Ideally, through this process, you can discover an authentic narrative that can be guided and directed. For instance, “Felix Haas, Business Angel” or “Peter Waleczek, Managing Partner at FLEX Capital.” Then, you can ensure that this narrative is consistently used in the media. For example, you could request journalists to introduce you as a Business Angel or Managing Partner at FLEX Capital. Similarly, on social media, you can think about what to post in relation to this narrative. To be honest, I often go with my gut feeling when sharing something on social media.

What one should not forget in all of this is that it should also be enjoyable. For instance, I manage my Instagram account @pilothaas. It has nothing to do with business topics and holds no relevance in that context. However, the account brings me personal joy as I share pictures of flying experiences.

After our amiando exit, I positioned myself as a business angel at events and contemplated the label I personally wanted to have. In my experience, the most successful brands always have a simplified message.

Any other tips and learnings you’d like to share?

Felix Haas: Personally, I believe that in certain instances, one should embrace the principle of “just go for it.” It’s also important to always remain authentic. Your own character can naturally shine through—whether you’re more introverted or extroverted, use stronger language, or tend to be reserved. Striving solely for this positioning concept doesn’t really propel you forward, both professionally and personally. Eventually, in my opinion, it leads to losing one’s personal authenticity. Another aspect to consider is adapting to the target audience on business-related social media channels.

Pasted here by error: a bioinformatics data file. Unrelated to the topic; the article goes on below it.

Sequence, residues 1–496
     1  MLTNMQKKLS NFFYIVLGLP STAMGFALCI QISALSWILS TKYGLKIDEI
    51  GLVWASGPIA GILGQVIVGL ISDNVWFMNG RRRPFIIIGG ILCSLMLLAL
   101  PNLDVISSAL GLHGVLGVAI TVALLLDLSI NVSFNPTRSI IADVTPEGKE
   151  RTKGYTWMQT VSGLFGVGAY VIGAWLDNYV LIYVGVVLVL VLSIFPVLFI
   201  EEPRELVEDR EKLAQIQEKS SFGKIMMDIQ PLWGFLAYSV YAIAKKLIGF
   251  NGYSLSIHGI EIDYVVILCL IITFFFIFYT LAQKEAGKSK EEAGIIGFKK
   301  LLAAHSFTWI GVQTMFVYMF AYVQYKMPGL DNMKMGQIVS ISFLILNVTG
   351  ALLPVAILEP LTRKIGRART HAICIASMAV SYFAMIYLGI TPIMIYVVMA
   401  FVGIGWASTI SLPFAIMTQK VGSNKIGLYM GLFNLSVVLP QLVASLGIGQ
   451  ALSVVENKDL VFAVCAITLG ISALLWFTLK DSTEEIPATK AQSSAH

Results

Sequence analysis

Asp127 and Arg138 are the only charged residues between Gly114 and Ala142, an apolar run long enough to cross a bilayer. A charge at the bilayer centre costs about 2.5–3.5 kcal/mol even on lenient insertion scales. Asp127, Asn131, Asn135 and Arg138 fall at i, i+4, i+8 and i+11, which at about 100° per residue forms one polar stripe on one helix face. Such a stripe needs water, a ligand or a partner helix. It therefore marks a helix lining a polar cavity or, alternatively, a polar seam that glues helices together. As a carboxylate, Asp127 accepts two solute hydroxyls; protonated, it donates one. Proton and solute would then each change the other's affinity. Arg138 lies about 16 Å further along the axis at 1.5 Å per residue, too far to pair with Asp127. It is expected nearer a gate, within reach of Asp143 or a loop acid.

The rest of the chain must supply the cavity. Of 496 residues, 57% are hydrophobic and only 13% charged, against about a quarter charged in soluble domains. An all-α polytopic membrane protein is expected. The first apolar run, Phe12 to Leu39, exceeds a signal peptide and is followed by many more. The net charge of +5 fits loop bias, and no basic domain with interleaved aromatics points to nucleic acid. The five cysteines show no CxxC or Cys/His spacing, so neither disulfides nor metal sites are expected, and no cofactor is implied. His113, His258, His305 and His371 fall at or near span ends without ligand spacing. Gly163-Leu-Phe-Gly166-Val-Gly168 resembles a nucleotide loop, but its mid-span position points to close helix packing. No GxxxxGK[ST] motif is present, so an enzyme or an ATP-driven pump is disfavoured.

Are there also negative aspects of the personal brand for you?

Felix Haas: Certainly. A good example of this is making a statement that unexpectedly attracts criticism from a multitude of people after its release. You need to be able to handle that criticism. Once you’ve built a certain following, you might be inundated with post requests, such as open positions in your company. You should handle these very selectively because it’s easy to lose authenticity and start posting content that’s irrelevant to your target audience. My advice, which is also my personal rule: Just be yourself.

Let’s say I want to be a speaker at events and share a message. How does this work in concrete terms?